The Washington PostDemocracy Dies in Darkness

The Post’s Fatal Force database honored by Peabody Awards for Digital & Immersive Storytelling

Fatal Force Peabody Winner (The Peabody Awards)
Comment

Announcement from Executive Editor Sally Buzbee, Senior Managing Editor Cameron Barr and Investigative Editor Jeff Leen:

The Washington Post’s seven-year effort to track fatal police shootings nationwide has been honored by the Peabody Awards in a newly created category, Digital and Immersive Storytelling. The award was announced today and cites The Post’s innovation going back to 2015 and ongoing commitment to the work. In establishing the new category earlier this month, the Peabody Awards said it intended to honor “a legacy cast of winners, acknowledging their historic, pioneering role in laying the groundwork for projects of today and tomorrow.”

The Post project, “Fatal Force,” was launched in the wake of the 2014 police killing of Michael Brown in Ferguson, Mo., after then-Post reporter Wes Lowery suggested an attempt to count every fatal police shooting in America. This had never been done before, and was only possible because stories about individual shootings were increasingly available on the Internet.

Scrubbing the web, then-Post researcher Julie Tate and current researcher Jennifer Jenkins found that twice as many people were killed by officers in 2015 than had been reported in any previous year by police departments to the FBI. In that first year, some 70 Post journalists were involved in building an interactive database of the shootings and telling the stories it yielded. For that work, The Washington Post staff received the 2016 Pulitzer Prize for National Reporting. Then-America Editor Lori Montgomery and Deputy Investigations Editor David Fallis launched the effort; Fallis has supervised the project for the entire seven years. John Muyskens built the database with design input from Steven Rich and Ted Mellnik, who have helped to maintain it over the years.

Over that time, The Post has catalogued more than 7,211 fatal shootings by police.

The publicly available database has provided many seminal findings that have been widely cited by other journalists, researchers, educators and government officials: American police officers shoot and kill about 1,000 people a year – a number that stays remarkably stable. Those killed are overwhelmingly male and most of them are armed, usually with a gun. An alarming percentage of the dead – roughly a quarter – are people in the throes of mental or emotional crisis. Black Americans are disproportionately represented among those killed by police. From 2015 to August 2021, more than a third of the unarmed people shot dead by police were Black.

The database has generated numerous additional Post stories over the years. One of the most recent stories found that fatal police shootings hit a record since the count began of 1,055 last year. Criminal justice researchers have used the data to conduct and publish their own analyses. Other journalists have used the data to further examine and write about the use of force by police.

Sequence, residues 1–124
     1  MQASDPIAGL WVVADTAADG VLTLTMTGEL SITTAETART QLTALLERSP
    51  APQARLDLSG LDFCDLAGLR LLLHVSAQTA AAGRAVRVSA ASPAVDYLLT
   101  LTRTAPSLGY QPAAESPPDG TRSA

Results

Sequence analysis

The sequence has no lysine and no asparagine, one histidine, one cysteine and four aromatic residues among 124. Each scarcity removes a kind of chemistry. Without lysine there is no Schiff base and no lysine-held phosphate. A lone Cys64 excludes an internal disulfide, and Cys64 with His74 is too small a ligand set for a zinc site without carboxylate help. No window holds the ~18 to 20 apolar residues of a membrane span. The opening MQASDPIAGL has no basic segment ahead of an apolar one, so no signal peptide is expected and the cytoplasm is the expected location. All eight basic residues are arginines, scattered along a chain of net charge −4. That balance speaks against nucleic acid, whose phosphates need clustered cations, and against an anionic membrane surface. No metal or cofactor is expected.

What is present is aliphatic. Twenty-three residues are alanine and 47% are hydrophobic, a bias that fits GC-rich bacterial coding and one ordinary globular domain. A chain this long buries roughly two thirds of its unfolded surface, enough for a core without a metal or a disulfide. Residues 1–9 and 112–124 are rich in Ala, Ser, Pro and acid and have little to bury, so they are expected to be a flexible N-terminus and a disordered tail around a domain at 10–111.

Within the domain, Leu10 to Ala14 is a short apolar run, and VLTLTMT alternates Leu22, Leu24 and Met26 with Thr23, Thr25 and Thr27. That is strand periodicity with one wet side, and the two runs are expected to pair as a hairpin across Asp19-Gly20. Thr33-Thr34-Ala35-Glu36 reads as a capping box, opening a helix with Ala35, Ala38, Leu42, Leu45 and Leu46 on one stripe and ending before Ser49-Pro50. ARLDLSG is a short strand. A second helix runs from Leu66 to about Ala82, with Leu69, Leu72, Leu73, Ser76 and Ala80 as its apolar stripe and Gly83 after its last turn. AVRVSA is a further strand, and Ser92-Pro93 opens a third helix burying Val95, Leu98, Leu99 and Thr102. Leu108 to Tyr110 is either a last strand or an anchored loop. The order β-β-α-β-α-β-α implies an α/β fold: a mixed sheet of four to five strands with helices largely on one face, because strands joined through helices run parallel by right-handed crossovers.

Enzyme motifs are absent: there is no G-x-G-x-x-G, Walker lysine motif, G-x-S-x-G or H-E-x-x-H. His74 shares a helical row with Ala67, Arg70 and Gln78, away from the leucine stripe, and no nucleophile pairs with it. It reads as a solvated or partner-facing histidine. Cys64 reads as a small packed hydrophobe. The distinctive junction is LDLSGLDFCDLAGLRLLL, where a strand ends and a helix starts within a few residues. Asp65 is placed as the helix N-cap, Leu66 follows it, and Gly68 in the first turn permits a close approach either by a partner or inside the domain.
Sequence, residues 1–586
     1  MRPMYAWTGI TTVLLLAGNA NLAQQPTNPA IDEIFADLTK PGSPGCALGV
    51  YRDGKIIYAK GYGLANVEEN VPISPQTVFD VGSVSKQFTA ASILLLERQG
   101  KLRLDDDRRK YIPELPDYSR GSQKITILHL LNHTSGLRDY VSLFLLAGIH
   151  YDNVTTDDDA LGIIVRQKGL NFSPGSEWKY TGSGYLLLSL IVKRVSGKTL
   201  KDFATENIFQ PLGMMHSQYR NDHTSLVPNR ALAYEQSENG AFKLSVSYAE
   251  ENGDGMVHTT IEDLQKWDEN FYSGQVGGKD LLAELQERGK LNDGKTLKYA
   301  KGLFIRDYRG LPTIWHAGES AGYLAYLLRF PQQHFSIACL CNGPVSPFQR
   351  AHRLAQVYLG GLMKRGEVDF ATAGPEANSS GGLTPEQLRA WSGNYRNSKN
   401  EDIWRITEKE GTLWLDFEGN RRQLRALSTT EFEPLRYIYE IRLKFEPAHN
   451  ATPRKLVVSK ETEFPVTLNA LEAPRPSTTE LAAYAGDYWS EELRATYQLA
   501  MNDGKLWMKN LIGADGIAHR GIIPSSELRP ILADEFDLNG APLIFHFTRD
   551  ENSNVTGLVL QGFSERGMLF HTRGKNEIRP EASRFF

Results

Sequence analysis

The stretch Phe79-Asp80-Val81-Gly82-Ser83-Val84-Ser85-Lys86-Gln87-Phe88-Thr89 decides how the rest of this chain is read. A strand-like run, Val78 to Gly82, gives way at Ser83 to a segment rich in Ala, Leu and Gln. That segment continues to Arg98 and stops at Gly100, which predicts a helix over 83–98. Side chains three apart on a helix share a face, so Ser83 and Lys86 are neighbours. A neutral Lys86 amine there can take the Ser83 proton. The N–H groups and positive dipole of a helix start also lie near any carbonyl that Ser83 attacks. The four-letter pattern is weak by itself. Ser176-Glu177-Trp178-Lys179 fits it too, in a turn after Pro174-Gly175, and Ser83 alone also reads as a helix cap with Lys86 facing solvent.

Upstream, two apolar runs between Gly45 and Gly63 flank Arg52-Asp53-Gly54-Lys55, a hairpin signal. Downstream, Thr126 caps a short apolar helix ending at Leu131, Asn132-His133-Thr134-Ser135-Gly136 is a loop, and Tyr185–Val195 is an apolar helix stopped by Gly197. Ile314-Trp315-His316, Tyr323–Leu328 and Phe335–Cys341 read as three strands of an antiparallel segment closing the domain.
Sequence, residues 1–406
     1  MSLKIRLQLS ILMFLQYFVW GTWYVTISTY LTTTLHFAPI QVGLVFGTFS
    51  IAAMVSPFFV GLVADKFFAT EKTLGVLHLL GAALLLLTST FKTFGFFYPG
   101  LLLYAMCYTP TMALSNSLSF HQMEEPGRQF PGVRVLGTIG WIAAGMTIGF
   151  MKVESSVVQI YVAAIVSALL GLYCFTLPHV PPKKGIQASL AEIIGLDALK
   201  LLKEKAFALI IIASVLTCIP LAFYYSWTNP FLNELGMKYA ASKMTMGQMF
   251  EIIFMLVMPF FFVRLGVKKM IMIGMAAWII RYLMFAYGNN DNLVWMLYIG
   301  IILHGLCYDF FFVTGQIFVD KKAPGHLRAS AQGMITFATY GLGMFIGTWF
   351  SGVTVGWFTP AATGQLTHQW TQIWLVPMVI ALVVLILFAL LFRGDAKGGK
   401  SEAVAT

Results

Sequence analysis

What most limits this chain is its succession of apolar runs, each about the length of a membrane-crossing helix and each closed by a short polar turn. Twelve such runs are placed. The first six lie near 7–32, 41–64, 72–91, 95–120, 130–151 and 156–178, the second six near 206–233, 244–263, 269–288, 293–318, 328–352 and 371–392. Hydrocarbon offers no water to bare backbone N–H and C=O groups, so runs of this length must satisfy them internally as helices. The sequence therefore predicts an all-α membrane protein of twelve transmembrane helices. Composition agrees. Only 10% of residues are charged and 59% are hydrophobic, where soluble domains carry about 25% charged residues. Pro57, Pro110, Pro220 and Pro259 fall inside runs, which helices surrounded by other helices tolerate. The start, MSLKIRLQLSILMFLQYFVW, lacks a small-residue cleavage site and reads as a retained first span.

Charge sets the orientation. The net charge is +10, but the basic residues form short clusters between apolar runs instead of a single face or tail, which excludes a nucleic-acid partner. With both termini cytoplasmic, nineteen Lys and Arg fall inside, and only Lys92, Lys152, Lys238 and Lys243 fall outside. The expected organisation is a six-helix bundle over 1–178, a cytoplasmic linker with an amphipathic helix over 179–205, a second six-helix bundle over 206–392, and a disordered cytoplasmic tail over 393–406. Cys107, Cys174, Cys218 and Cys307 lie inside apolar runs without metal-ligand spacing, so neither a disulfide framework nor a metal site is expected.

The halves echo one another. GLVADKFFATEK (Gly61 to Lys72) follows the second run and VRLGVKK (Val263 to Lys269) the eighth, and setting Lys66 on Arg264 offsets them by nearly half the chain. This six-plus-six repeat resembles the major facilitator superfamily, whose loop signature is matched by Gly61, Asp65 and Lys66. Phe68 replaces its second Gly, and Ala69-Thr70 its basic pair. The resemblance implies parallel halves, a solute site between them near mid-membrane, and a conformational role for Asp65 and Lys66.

The Post continues the effort in order to provide an important public service. The FBI promised at the end of 2015 to stand up its own program to accurately count fatal shootings. That program, however, took years to get started and, like the one it is replacing, is voluntary and incomplete. No government body tracks the number of people shot and killed by police with any accuracy. To this day, the Post’s database remains the most comprehensive accounting of fatal shootings by police in America. It generates over one million page views a year.

The Peabody Awards are the oldest and one of the most prestigious awards for work in broadcasting and streaming media. In 2021, the Peabody Awards introduced the expansion of its award categories to recognize storytelling achievements across interactive and immersive categories. “Creators have been telling amazingly powerful stories in these formats for a long time now. Peabody is excited to be much more thoughtful and intentional in recognizing them as stories that matter, standing squarely beside the traditional broadcast categories we have long awarded,” said Jeffrey Jones, executive director of Peabody.

Diana Williams, chairwoman of the new Peabody Interactive Board, added: “The works in this new category are fundamentally changing how we engage with storytelling, and therein changing us. It’s imperative that we recognize the projects that have catalyzed and revolutionized how media is seen, understood, engaged with and disseminated. We hope that honoring these legacy winners will continue to push forward our mission of supporting ambitious, groundbreaking creators who strive to make projects with stories that are not only entertaining but can also perhaps prompt visible, societal shifts.”

All winning projects will be featured on the Peabody Awards’ interactive website, peabodyawards.com/interactive/legacy, for audiences to explore first-hand and to learn about their historical impact.

Loading...